Jethro wants to be different, the rebel loner, and the entity got into his mind and made him a sheep instead. And he hates it while it’s happening, but he can’t stop. He has to obey his parents and pick up the Doctor’s legs to help throw him out.

The professor, who starts the episode as rudely dismissive of Dee Dee, has his worst moment when he practically screams in her face, telling her she doesn’t know anything and she should just shut up.

And it makes the Doctor more arrogant. The entity does get into his head before it completely possesses him. The subtle way he talks down to the passengers, that’s the entity’s way of creating strife between the humans and the one person who might actually be able to stop it.

Unlike the poem, no one is untainted by the goblin fruit. The Hostess listens to the entity and becomes more determined to do her duty to the passengers in her care, at all costs. Dee Dee listens and her fear and desire to go home momentarily overpower her previous common sense. 

And yet the entity can’t shut down Dee Dee’s common sense completely, and when she is the one to recognise what has happened, the Hostess’ determination to save as many passengers as possible is what saves them in the end.

One of the things I like about RTD is that he was pretty good at one-off monsters.

Obviously, the Midnight entity takes the cake for me. That episode is everything a scary one-off episode should be, and the monster completely depends on the actress’ spectacular performance.

But the Midnight entity would be completely ruined if it showed up in another episode. One of the best parts about it is that we know absolutely nothing about it.

The Adipose, too, were good for a one-off monster, but if you brought them back, they’d probably not be as good the second time around.

This is something Moffat needs to learn, how to leave a good one-off monster as a good one-off monster.

Blink was very well-received because of the Angels (I think it’s only decent at best, but that’s beside the point). Bringing them back, he completely changed what they were. Suddenly you couldn’t look at their eyes, or you’d die. You can’t take a picture of one (even though that exact thing happened in Blink and it had no downside), or it’ll come to life. Suddenly, they had to steal power from electric spaceships to fix themselves if they were ever damaged or something. We saw them move for the first time.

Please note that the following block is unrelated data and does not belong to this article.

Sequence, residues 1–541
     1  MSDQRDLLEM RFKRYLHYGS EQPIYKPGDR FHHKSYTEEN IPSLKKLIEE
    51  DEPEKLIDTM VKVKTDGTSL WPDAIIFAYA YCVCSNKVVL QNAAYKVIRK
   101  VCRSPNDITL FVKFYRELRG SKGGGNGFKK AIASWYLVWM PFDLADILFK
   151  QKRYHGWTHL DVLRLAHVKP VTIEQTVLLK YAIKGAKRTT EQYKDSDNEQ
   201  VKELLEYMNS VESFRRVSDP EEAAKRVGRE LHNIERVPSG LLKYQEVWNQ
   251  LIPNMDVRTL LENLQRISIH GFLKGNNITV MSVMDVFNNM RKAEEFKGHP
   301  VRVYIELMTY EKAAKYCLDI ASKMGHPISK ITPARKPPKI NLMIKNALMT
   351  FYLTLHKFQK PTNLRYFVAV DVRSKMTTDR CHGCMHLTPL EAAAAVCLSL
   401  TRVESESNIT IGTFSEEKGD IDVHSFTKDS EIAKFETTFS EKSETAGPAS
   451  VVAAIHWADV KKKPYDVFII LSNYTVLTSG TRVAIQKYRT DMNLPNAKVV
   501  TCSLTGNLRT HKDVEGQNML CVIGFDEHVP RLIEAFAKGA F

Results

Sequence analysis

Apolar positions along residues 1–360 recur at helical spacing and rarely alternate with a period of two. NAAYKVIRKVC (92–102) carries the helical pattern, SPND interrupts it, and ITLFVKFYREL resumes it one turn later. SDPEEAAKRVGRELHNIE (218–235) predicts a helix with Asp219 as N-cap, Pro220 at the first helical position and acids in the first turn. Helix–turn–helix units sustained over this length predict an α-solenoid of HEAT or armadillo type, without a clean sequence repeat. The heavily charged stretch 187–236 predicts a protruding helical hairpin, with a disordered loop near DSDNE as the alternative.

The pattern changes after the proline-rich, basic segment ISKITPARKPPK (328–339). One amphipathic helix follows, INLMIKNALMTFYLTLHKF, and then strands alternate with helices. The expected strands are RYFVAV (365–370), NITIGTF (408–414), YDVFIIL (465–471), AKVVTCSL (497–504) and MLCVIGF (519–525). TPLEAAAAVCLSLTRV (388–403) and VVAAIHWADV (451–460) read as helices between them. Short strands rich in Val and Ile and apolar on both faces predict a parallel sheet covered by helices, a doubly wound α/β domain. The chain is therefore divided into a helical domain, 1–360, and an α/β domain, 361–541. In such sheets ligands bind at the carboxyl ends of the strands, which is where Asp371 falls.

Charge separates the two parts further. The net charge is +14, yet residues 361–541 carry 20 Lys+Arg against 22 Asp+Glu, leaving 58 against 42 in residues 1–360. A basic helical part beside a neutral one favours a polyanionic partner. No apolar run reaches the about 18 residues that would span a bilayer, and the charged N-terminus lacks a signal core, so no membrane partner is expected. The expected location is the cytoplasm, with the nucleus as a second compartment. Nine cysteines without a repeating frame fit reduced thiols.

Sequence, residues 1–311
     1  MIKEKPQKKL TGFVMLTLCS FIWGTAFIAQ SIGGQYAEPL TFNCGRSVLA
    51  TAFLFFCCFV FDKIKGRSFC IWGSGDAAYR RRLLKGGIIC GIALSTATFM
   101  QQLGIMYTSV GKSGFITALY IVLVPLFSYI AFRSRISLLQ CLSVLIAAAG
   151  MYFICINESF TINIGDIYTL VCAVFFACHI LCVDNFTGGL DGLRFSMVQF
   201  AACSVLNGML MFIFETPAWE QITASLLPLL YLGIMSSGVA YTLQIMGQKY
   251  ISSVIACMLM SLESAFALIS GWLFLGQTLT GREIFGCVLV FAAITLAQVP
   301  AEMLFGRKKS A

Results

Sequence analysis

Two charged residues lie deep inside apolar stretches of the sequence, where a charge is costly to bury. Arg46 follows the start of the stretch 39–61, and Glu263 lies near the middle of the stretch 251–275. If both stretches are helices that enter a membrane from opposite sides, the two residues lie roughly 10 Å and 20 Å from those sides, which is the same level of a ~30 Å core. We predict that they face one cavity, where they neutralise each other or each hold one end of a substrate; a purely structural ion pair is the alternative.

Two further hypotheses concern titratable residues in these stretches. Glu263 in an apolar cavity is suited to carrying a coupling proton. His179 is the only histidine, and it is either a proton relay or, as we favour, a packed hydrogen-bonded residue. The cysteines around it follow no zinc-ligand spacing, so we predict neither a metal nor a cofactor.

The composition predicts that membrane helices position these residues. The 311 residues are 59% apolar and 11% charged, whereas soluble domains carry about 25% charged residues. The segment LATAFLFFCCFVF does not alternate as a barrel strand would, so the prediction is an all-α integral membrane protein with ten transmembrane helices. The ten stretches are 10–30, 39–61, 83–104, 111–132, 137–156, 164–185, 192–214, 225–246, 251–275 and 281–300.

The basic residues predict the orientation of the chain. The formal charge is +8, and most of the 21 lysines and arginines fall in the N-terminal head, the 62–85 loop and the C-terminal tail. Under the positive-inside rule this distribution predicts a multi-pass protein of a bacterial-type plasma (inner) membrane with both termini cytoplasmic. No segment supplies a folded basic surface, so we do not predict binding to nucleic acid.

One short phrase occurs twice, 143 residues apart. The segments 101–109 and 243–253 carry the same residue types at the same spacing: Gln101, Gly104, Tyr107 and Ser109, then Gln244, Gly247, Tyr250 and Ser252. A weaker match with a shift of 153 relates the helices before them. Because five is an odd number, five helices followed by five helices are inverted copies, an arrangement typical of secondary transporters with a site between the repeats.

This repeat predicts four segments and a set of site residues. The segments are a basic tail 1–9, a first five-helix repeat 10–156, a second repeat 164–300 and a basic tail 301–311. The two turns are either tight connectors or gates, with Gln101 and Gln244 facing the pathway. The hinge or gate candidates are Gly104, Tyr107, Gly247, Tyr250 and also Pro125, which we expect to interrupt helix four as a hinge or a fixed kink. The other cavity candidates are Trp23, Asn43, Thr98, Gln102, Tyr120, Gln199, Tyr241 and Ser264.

And there was also this:

Those two angels can definitely see each other out of the corners of their eyes, at least, and yet, they’re fine once Amy’s gone. Apparently they just need to think you can see them, too, while you don’t actually have to see them.

And they just got worse as time went on (culminating in the metal Statue of Liberty being a Weeping Angel (which are made out of stone) being able to trick people into not seeing it as it teleported across New York).

The Weeping Angels would’ve been much better if they were just a one-off monster. The Silents would’ve been better if they didn’t come back in Time of the Doctor. Moffat needs to learn to sometimes leave good monsters as one-off monsters, as opposed to recurring monsters.

Midnight: a summary
  • Doctor: This is going to be fun.
  • Audience: *Laughs*
  • *ship crashes*
  • Doctor: This could be worse.
  • *Sky gets possessed*
  • Doctor: I can still sort this out.
  • Passengers: You're weird.
  • Passengers: You're too clever and confident.
  • Doctor: Humans, please calm down.
  • Doctor: No it isn't and I'll prove it.
  • *Midnight entity possesses him*
  • Doctor: Oh shit.
  • Passengers: Throw him out.
  • Doctor: Oh shit.
  • Audience: Oh shit, No you idiots.
  • *Gets saved at the last second*
  • A passenger: It wasn't my fault.
  • Doctor: You liar.
  • Audience: LET ME HUG YOU!!